If you have a criminal accusation against you in Connecticut, you have the right to a jury trial. This right comes from the U.S. Constitution. You may choose between a bench trial, which is where a judge hears your case, or a jury trial, where a group of people from the community hears your case. In the bench trial, the judge makes the determination of guilt while in a jury trial, the jury makes that decision. If you choose a jury trial, the court must find people to sit on the jury.
According to the State of Connecticut Judicial Branch, there are four places the court pulls from to put together a list of jurors for your trial. Anyone who pays state income taxes or receives unemployment make up two of the pools. Any person who registers to vote also joins a jury pool. The last pool comes from a list of people who have a driver's license or state ID.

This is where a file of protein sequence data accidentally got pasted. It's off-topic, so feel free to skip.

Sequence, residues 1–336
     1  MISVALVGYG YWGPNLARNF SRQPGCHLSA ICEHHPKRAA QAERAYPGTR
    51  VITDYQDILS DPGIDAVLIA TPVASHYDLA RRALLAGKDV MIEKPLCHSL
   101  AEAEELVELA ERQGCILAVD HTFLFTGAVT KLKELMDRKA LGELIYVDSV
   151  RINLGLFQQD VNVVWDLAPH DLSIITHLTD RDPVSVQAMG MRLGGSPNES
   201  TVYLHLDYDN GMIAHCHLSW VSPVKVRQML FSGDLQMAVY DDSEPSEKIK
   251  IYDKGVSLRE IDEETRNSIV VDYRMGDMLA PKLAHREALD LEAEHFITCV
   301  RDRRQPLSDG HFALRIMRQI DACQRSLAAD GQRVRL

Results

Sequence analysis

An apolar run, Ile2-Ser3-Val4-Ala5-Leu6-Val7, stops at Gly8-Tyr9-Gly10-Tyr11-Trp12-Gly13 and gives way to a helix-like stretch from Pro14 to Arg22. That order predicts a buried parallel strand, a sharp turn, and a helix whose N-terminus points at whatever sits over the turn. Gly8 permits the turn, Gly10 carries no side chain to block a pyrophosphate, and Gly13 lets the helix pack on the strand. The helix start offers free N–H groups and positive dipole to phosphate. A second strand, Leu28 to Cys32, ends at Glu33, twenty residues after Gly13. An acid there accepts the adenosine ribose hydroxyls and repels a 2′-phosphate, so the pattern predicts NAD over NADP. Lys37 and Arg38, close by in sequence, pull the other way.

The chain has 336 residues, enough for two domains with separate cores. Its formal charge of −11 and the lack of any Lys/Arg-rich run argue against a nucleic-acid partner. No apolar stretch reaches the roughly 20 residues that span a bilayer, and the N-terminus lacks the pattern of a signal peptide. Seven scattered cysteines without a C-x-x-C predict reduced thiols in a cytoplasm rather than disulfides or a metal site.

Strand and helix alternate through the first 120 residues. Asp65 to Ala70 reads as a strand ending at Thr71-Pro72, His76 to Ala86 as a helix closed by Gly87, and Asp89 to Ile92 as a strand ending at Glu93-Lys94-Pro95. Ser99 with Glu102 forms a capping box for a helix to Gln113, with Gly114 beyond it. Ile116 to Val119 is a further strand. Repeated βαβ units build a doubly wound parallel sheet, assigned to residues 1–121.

Keep in mind that the people in each of these pools must meet requirements and go through a selection process. In addition, if a person has his or her name pulled from a pool to serve on a jury, he or she may claim an exemption. This exemption means the person is no longer obligated to serve on the jury.
When the jury is chosen, they get instructions to help them as they listen to and make a decision in your case. However, the decision they make is their own. The judge does not assist them with the process. This information is for education and is not legal advice.